TORONTO, Feb. 29 (Xinhua) -- The Canadian stock market was down on Wednesday as bullion prices and gold stocks went down amid further signs of increasing economic growth in the United States.
The S&P/TSX composite index was off 96.46 points, or 0.76 percent, at 12,644.01 while the S&P/TSX Venture Composite Index dipped 21.66 points, or 1.28 percent, at 1,671.53.
The Canadian dollar rose 0.58 U.S. cents to 101.06 U.S. cents after earlier hitting a month-high of 101.29 U.S. cents. Appetite for riskier currencies such as the loonie was supported by a move by the European Central Bank to make 529.5 billion euros in low- interest loans to banks, the second round of a massive credit infusion.
The first offer of the three-year, low-interest credit to banks was on Dec. 21. Banks used some of the money from the first round of loans to buy government bonds, which in turn lowered borrowing costs for hard-pressed governments.
Signs of increasing economic growth in the U.S have pushed the gold price lower. The U.S. Commerce Department said that the economy grew at a slightly faster pace in the final three months of last year. It expanded at a three percent annual rate in the fourth quarter, the fastest pace since the spring of 2010. It exceeded the previous estimate of 2.8 percent and it was better than the third quarter's 1.8 percent growth rate.
The gold sector on the Canadian stock market fell 1.45 percent as losses in gold price amounted to almost 5 percent to 1,773.90 U. S. dollars an ounce. Goldcorp Inc. declined 3.62 percent to 47.97 Canadian dollars per share while Barrick Gold Corp. lost 3.88 percent to 47.34 Canadian dollars.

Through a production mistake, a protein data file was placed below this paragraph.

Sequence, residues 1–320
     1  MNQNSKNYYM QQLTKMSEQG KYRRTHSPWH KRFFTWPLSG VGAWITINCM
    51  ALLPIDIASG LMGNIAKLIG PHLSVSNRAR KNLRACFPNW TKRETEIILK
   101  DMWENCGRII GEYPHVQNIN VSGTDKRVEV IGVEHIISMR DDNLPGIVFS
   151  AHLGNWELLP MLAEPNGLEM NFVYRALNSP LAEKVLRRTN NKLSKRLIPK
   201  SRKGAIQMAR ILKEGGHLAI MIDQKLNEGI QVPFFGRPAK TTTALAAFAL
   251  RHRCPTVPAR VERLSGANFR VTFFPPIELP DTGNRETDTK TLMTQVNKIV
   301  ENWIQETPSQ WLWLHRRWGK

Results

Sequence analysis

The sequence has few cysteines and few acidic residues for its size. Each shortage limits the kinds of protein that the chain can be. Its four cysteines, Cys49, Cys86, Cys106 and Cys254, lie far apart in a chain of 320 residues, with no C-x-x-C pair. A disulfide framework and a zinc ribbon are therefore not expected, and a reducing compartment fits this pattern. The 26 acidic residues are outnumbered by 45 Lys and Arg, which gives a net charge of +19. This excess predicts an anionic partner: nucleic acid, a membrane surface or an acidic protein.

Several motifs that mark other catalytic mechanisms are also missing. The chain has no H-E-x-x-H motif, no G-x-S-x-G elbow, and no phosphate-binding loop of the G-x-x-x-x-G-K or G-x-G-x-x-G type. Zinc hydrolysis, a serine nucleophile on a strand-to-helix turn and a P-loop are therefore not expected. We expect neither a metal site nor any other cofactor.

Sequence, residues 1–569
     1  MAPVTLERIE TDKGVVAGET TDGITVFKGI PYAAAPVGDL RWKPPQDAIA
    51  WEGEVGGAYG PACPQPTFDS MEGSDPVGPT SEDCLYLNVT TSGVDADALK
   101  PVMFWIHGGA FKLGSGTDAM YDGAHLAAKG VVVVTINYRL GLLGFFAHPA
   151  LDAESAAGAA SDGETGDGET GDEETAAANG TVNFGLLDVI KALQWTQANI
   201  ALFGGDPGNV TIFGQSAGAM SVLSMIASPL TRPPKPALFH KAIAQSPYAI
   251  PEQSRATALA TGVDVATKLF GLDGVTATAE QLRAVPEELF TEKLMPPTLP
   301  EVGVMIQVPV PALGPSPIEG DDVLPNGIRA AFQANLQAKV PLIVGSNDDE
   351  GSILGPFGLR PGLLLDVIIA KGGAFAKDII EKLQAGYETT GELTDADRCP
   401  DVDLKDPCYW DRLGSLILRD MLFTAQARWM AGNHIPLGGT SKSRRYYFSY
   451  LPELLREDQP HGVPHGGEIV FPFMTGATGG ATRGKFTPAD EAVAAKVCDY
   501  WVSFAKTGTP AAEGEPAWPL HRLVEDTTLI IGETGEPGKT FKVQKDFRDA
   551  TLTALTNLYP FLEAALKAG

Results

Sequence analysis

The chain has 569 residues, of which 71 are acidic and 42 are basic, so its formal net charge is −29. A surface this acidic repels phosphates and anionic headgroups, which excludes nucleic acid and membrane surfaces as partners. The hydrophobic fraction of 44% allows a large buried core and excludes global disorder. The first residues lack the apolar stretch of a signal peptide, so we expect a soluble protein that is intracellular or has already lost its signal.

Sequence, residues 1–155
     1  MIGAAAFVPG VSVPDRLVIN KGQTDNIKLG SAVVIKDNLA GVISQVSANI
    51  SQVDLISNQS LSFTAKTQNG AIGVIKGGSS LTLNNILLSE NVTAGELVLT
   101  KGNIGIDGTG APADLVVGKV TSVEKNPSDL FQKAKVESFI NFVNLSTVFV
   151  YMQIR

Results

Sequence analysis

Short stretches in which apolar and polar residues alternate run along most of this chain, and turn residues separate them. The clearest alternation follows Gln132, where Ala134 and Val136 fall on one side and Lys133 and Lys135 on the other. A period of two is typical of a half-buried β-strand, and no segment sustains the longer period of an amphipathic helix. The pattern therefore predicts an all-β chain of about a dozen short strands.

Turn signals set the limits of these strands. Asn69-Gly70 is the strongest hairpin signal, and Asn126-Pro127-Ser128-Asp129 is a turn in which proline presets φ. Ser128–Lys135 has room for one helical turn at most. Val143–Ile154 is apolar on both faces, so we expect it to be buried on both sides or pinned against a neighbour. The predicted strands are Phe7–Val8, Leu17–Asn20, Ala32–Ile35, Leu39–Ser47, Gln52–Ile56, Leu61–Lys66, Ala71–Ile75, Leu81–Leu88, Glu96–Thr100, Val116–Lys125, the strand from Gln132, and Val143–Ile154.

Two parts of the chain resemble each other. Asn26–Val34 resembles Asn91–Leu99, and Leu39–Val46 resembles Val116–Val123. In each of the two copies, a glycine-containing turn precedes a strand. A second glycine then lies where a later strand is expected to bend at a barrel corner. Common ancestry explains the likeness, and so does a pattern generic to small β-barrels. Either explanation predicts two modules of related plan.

The energy sector lost 0.68 percent after data showed that U.S. crude and oil product inventories were surprisingly up last week. The American Petroleum Institute said late Tuesday that crude inventories rose 521,000 barrels.
Crude oil price ends February with almost 12 percent up in February, primarily over worries about Iran's nuclear program and the possibility of supply disruptions. Markets have been worried that the sharply higher crude prices could strain the U.S. economic recovery and worsen a recession in Europe.
The metals and mining sector was down 1.01 percent as copper prices were lower with the March contract down 1.53 percent to 3. 86 U.S. dollars a pound. Signs of an improving U.S. economy have boosted copper prices almost four percent up during February.
On the currency front, one U.S. dollar was buying 0.9893 Canadian dollars at 5 p.m. local time (22:00 GMT) on Wednesday, compared with one U.S. dollar purchasing 0.9950 Canadian dollars on Tuesday.